Big cats are apex predators, meaning they’re the largest predator in the ecosystem—the great white shark of dry land. Their position at the top of the food chain means they require lots of space, abundant prey, and a healthy environment. By putting resources toward ensuring that cat species remain in the wild, Panthera is also ensuring that these vast landscapes are functioning well, a nice benefit for the people who share the planet with cats.
Passion is at the heart of Panthera, but reason is what drives it. It is a science-based organization of the planet’s foremost authorities on big cats developing strategic plans with measurable results. Panthera has an international workforce collecting data about where the animals are and what threats are affecting them, and using that data to help focus conservation efforts.
Clear-cutting, converting wild spaces into agricultural areas, and building highways all break up the landscape and isolate cat populations.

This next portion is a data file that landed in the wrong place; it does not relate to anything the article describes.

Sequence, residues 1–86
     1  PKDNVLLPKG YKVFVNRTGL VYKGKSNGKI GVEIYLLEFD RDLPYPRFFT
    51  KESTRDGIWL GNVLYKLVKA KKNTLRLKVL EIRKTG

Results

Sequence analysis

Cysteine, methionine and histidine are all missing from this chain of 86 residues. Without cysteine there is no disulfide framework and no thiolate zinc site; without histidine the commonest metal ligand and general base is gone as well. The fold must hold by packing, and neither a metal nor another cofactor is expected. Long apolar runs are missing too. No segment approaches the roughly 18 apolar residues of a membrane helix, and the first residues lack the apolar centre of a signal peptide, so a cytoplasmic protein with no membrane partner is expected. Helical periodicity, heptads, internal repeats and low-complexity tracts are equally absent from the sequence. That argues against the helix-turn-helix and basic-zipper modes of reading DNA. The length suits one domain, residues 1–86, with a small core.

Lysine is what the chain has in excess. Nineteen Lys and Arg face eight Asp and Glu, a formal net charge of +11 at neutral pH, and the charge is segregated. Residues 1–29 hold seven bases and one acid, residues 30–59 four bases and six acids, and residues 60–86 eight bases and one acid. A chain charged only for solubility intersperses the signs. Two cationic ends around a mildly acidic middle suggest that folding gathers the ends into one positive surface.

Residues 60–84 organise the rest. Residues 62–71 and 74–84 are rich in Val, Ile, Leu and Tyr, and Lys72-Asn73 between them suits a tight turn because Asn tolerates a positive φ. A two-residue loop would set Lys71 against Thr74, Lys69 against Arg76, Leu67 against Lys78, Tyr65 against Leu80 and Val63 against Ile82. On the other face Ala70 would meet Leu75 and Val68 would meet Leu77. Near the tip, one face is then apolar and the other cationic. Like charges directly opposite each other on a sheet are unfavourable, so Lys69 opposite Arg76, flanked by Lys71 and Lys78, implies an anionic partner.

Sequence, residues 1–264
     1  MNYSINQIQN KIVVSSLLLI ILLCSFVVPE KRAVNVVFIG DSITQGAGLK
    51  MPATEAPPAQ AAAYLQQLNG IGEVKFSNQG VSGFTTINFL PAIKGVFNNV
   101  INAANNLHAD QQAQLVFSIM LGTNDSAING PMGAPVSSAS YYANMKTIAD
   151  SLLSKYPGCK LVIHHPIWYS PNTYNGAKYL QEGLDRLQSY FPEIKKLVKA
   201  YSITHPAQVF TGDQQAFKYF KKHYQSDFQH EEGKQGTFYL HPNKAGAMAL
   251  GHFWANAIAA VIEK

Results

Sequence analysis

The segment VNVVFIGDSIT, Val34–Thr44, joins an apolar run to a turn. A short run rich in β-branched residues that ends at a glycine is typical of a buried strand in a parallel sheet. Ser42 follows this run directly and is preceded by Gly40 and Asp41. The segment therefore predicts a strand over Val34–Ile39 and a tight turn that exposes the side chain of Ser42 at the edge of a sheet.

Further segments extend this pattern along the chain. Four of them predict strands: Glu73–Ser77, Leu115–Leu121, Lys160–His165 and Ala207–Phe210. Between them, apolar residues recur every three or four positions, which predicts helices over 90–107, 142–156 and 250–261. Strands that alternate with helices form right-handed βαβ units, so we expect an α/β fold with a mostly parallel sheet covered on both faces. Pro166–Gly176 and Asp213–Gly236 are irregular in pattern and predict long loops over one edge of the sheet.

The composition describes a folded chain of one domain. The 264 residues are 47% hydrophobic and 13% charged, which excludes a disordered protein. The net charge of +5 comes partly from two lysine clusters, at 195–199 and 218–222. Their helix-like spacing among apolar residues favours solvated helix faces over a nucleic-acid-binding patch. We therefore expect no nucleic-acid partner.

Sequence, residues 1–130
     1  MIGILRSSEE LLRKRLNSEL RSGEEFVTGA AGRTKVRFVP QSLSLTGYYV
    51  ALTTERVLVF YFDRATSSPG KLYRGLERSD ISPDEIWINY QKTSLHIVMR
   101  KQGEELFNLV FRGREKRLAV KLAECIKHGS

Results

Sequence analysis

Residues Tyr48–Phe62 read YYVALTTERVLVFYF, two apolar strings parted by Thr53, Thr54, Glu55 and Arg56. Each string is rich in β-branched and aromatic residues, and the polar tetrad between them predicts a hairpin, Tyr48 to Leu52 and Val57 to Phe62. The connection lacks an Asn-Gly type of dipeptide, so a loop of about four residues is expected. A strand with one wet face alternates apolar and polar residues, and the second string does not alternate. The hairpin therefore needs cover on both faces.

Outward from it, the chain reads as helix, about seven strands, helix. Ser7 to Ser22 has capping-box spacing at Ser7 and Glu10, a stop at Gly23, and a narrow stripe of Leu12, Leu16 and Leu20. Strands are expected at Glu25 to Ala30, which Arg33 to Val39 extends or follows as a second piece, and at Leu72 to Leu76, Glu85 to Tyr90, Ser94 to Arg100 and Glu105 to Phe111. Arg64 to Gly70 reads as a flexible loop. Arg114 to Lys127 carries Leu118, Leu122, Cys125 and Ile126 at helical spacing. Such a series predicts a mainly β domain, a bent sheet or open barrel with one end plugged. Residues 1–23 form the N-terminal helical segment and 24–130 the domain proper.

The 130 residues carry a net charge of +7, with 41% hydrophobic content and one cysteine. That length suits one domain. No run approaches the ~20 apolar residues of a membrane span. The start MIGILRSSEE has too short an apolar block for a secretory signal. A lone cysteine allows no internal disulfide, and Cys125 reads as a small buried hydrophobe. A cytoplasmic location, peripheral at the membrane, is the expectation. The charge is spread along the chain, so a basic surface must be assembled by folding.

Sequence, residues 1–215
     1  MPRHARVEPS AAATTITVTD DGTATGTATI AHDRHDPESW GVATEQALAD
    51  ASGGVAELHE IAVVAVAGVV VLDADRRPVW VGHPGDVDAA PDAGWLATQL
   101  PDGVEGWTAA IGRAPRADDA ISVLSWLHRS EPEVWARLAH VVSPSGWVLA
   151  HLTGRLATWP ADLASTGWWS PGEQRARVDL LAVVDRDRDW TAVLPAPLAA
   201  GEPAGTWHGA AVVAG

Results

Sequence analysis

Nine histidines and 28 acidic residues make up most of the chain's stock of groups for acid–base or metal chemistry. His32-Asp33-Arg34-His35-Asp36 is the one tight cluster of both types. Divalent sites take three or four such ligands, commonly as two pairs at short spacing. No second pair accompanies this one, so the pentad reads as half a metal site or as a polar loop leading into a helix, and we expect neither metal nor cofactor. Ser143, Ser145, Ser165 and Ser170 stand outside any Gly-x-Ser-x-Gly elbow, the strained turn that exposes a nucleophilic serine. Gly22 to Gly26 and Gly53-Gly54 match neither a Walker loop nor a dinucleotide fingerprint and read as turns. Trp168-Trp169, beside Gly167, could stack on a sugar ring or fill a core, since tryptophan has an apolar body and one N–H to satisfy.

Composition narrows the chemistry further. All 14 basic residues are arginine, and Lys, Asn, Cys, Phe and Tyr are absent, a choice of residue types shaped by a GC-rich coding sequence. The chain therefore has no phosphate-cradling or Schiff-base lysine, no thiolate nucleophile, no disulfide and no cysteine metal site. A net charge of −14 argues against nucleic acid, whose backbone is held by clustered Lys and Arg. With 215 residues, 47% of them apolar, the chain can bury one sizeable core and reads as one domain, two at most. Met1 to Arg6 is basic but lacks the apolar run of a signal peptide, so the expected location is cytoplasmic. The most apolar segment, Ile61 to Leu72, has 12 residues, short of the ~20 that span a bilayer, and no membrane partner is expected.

What they know so far is that big cats are dying for three main reasons: intentional slaughter due to the illegal wildlife trade and to human conflict; lack of prey; and habitat loss and fragmentation. The illegal wildlife trade, which attracts the most media attention, is especially dangerous for tigers because nearly every body part is in demand, whether intended for use in traditional medicine or simply as a status symbol. The other type of direct slaughter involves conflict or retaliatory killings, a measure people take when they fear big cats going after their livestock—which is very often their livelihood. That can be exacerbated when cats don’t have enough prey.
That brings us to the second threat. As Heydlauff says, “Big cats need big cat food.” Humans, in many cases, legally hunt prey sources like deer, boar, and antelope—often unsustainably. The result is that some wild cats have very little to eat and turn to livestock, further fueling conflict with people.
Habitat loss and fragmentation is the last major hurdle. Clear-cutting, converting wild spaces into agricultural areas, and building highways all break up the landscape and isolate cat populations. Animals need to breed with unrelated mates to ensure healthy gene flow and the long-term health of a species, so isolation from different packs leads to unhealthy cats.